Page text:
Seduction And The CEO - Page 19

Her head bobbed up and down. “Good choice. The monarchy is stable, so poverty and infrastructure will be your only problems.”

He lifted his hand, then brought it down again on the rough wood of the fence, struggling to make Melissa’s lifestyle add up in his head. “Why don’t you have a real job?”

“Define a real job.”

“An office, where’d you put that brain of yours to work from nine to five.”

“I don’t think they’d let me wander across the country.”

“How long have you been wandering across the country?”

Her mouth tightened imperceptibly, and something flashed in the depths of her eyes. Fear? Pain? He was reminded once again that she could be running from something or someone.

But then the look was gone.

“Not long,” she answered. “Do you think Royce will side with his family or with Anthony and Otto?”

“Anthony is our cousin.”


He nodded. “Royce is a risk taker. He’ll offer to fly down to Tappee himself.”

“He’s a pilot?”

Jared choked out a laugh. “He’s definitely a pilot. I think he likes flying around the world more than he likes investigating companies.”

“Can I meet him when he gets here?”

Jared tensed. A chill hit his body, and a warning sparked in his brain. “Why?”

She drew back, obviously reacting to his expression.

“You planning to flirt with him?” Jarred pressed. He shouldn’t have let his guard down. He didn’t know anything about this woman.

She emphatically shook her head. “He likes to travel. I like to travel.” Her words came faster. “I was thinking you could be right. Maybe I should find a real job and save up some money. I mean, seeing America is fun and all, but it might be fun to see some of the rest of the world-”

“In my brother’s jet?”

“No. No.” She smoothed her hair back again. “I’m not going to flirt with your brother. I just thought…”

Jared waited. He truly did want to know what she thought.

She let go of the fence rail and took a step forward. “I thought he might be a lot like you. Smart and interesting.”

He stared down as she moved closer. “I can’t believe you’re doing this.” But what he really couldn’t believe was that it was working. She was flirting with him, using her pretty face and killer body to gain an advantage. And it was working.

He was pathetic.

“You misunderstood,” she told him in a soft voice. “I have no designs on Royce. I don’t even know Royce. And if my mission was to land myself a rich man, do you think I’d be scooping horse poop on a ranch in Montana? No offense, Jared, but Manhattan is a whole lot closer to Gary, and their per capita count of rich eligible men is pretty darn high.”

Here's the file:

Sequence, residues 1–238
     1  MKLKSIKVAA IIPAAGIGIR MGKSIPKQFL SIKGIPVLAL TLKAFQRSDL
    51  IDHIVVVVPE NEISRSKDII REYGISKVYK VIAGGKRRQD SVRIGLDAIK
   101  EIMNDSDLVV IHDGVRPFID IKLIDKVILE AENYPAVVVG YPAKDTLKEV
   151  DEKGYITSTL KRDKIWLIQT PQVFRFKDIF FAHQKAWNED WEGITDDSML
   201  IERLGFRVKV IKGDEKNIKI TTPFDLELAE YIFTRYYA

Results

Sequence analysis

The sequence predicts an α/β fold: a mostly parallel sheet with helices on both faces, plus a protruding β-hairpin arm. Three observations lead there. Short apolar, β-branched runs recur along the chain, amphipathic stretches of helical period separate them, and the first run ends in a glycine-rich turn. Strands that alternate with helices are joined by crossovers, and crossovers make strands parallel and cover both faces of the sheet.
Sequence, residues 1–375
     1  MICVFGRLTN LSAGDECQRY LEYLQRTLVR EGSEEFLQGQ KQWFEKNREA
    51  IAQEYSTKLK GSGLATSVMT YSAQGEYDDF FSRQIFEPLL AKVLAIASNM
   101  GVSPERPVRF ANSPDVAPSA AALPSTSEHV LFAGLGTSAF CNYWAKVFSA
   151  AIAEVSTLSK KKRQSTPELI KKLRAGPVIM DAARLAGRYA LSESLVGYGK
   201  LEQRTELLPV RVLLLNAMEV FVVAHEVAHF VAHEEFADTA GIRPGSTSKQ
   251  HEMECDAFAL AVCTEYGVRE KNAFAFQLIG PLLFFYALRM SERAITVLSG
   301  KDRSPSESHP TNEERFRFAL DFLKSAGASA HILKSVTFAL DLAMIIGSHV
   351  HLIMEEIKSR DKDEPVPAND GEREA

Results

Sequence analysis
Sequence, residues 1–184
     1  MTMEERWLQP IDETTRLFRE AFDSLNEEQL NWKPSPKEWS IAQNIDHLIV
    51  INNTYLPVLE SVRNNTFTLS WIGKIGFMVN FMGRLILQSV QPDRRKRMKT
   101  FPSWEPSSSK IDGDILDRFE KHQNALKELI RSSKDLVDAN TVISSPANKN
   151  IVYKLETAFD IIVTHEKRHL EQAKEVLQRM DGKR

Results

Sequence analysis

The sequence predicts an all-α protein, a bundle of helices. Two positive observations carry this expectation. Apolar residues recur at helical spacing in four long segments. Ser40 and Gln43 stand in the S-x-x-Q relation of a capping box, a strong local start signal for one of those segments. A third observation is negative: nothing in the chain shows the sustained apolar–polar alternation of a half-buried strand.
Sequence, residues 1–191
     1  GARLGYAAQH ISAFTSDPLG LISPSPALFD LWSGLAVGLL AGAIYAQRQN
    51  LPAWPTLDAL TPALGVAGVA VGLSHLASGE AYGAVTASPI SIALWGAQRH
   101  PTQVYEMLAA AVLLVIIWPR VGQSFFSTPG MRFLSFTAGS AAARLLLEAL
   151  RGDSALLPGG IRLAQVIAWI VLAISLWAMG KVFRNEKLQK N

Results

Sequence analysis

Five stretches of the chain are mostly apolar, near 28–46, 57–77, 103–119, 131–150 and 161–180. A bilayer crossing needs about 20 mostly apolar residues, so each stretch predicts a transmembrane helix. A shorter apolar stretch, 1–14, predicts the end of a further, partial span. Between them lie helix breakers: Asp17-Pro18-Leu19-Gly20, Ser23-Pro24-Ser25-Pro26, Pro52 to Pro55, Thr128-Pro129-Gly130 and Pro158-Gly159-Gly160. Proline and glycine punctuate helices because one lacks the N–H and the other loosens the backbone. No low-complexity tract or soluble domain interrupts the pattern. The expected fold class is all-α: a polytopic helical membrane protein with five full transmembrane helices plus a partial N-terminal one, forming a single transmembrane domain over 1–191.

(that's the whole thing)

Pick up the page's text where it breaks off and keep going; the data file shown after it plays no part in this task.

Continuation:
Jared watched her soft lips as they formed words, took in her feathery hair lifting in the light breeze, her bottomless green eyes, almost a turquoise, like the newly melted water of a glacial lake. She was stunningly gorgeous and intriguingly intelligent.

“So how stupid do you think I am?” Her voice dropped off into silence. The thuds of Tango’s footfalls echoed around them.

“I don’t think you’re stupid at all,” Jared admitted. “That’s the problem.”

Melissa had overplayed her hand.

Sitting at the end of a long table in the quiet cookhouse, spooning her way through a flavorful soup, she knew she’d made Jared suspicious. She should never have asked to meet Royce. And she should have been content to let him think she was slow-witted.

Her enthusiasm for getting the story, along with her stupid ego, had both gotten in the way. She’d just had to show off her knowledge of Bosoniga and Tappee. Like some schoolkid trying to impress the teacher. “Bosoniga has a stable monarchy,” she mocked under her breath. Why didn’t she just wave her university degree under his nose and challenge him to guess why she was out on the road playing vagabond?

She dropped the spoon into her soup.

Was she trying to sabotage the story?

“Melissa?” Someone slid into the chair next to her, and Melissa looked over to see Stephanie set a white stonewear cup on the table.

At two in the afternoon, the cookhouse had grown quiet. Faint voices could be heard from the pass-through to the kitchen. Coffee, biscuits and oatmeal cookies were still available on the sideboard in case anyone needed a snack. And a helper was setting the three empty tables for dinner.

“Hello,” Melissa greeted Stephanie politely.

The younger woman’s auburn hair was pulled back in her signature ponytail. She’d removed her riding helmet, but still wore the white blouse, tight jodhpurs and high boots that were the uniform of a show jumper.